I found Turbulence in a used book store, and for $2.00, why not? A good "airplane over the desert hijacking" with good and bad guys sounded like an interesting read.
Dr. Brian Logan has a real problem with the airlines, one in particular, because his wife and unborn child died due to negligence and a disregard for passenger well being. He us just abouit at the end of his rope and is barely hanging on to his sanity, his job is in jeopardy and he is falling apart.
In Washington, DC, the usual agencies who should be concerned about safety, hijackings, terrorism and Homeland Security are up to their usual infighting, dreaming up harebrained schemes, chipping away at each others' credibility and in general, acting as we expect our bureaucrats to misbehave.
Meridian Airlines has the most disfunctional crew, pilots, management, and assorted cast of nitwits to ever take to the skies. No training, wrong training, hysteria, rudeness, oversold flight, lost luggage, bad food/no food! You name it - this airline does it. And Meridian is the airline that "killed" Brian Logan's family.
Put these three elements together with an unexpected flight to Africa, an airline going broke, trigger-happy Feds and a cabin completely filled with passenger air-rage, and you have the perfect "what the heck is going to happen next" book.
There are great characters. The Doctor, of course. the Flight Attendant who takes an extra shift, and the one who is worse than Cruella DeVille. Then there is the Captain who has absolutely no clue what he is doing or where he is going and is too proud to admit it to his 1st. Officer who is totally distracted by the thought of his wife leaving him. We have a sick baby inflight, a gun fight on the ground, some crazy African officers in Nigeria and a mutiny!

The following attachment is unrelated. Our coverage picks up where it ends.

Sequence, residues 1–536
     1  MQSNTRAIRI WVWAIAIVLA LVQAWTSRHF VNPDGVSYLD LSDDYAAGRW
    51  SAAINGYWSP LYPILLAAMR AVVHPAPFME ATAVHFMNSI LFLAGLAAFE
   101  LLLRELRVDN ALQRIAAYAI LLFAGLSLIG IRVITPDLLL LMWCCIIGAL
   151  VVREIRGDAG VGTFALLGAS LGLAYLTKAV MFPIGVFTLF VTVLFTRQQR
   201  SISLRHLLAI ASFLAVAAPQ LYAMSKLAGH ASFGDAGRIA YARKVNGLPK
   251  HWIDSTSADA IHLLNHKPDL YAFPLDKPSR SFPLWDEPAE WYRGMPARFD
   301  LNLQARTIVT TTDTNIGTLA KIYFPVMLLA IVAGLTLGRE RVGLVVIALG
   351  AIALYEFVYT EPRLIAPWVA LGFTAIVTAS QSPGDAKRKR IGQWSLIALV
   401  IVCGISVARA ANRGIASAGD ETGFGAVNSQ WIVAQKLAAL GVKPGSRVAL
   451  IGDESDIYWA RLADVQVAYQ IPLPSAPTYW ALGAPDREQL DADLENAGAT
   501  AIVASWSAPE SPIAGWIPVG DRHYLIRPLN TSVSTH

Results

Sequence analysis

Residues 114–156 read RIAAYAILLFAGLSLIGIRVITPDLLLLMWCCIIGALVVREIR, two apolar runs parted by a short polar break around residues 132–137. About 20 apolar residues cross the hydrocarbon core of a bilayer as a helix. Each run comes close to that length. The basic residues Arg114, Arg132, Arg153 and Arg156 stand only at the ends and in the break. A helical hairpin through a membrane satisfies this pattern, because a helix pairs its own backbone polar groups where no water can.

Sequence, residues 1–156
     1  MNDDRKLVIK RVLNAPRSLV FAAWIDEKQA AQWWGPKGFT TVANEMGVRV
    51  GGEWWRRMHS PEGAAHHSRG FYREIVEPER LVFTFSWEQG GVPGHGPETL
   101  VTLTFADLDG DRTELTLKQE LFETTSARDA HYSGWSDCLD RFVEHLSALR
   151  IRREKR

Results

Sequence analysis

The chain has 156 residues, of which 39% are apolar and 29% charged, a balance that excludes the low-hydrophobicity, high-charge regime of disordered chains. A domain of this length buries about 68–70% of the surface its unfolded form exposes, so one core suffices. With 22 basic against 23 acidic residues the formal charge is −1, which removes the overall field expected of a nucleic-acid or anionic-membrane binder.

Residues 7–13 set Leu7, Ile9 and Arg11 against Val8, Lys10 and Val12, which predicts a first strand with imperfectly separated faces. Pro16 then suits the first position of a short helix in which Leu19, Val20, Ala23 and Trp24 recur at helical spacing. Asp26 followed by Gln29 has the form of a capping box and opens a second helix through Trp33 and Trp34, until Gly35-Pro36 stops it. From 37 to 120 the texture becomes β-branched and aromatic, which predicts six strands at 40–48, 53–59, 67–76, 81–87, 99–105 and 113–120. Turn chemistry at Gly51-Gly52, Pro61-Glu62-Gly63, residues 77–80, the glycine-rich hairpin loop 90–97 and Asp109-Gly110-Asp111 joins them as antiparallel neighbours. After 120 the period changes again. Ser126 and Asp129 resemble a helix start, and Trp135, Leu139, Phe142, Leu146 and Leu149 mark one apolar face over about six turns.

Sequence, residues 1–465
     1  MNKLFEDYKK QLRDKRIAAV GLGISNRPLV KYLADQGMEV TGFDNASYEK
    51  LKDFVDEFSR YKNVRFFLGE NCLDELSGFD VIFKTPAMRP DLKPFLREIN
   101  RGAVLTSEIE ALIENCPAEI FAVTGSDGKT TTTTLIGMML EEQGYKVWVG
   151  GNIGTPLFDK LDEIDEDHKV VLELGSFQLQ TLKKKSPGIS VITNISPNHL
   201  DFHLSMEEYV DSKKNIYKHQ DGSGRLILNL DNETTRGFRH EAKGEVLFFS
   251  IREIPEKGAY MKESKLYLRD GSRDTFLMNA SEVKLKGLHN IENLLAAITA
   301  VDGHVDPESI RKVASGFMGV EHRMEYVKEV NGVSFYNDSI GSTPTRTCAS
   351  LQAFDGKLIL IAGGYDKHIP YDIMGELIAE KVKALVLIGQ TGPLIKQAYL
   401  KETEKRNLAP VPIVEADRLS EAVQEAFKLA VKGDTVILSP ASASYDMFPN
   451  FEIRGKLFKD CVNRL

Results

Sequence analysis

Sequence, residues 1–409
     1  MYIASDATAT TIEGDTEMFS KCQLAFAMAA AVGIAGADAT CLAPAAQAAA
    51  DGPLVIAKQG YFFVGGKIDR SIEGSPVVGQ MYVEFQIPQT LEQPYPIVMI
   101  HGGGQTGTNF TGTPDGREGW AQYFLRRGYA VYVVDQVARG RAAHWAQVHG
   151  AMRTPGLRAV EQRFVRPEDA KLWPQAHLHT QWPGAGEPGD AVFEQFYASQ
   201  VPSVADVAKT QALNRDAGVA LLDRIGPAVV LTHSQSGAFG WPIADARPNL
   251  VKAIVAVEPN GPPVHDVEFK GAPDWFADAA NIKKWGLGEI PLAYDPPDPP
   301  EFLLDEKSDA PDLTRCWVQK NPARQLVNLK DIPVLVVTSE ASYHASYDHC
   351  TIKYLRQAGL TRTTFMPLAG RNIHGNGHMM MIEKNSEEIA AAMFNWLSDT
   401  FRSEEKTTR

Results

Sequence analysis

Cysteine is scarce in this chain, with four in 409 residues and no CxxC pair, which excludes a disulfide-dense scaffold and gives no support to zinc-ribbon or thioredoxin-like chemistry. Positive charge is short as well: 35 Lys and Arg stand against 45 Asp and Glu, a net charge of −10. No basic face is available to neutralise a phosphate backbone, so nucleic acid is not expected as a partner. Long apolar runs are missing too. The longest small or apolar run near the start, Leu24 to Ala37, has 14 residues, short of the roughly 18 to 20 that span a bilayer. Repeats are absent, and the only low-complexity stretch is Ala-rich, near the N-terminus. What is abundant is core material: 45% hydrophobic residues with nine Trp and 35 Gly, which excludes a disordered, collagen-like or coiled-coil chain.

John J. Nance is one of the most respected Aviation authors writing today. He is the aviation analyst for ABC News, a professional speaker, an attorney, a Sr. U.S. Air Force reserve officer/pilot and a veteran airline captain. He certainly knows his stuff and it shows in the details of every book he writes. He takes the time to explain, without talking down to the reader. He deftly developes his cast of characters and the reader immediately becomes involved in their individual stories as they fit into the plot.
I was particulary interested in the way Nance portrayed the Washington gang in all their gung-ho shoot 'em down enthusiasm. And the total belief that the scenario that was designed by computers and people never involved with these real life circumstances could possibly be wrong. The horror of 9/11 is woven thru this subplot and gives credence to the behavior without condoning it.
I have read two other Nance books and have enjoyed them both. If you like airplanes, good drama, an author who knows how to turn a plot till you have no idea what's going to happen, then I strongly recommend any book by John J. Nance, and this one in particular. It certainly does make you think about flying the friendly skies.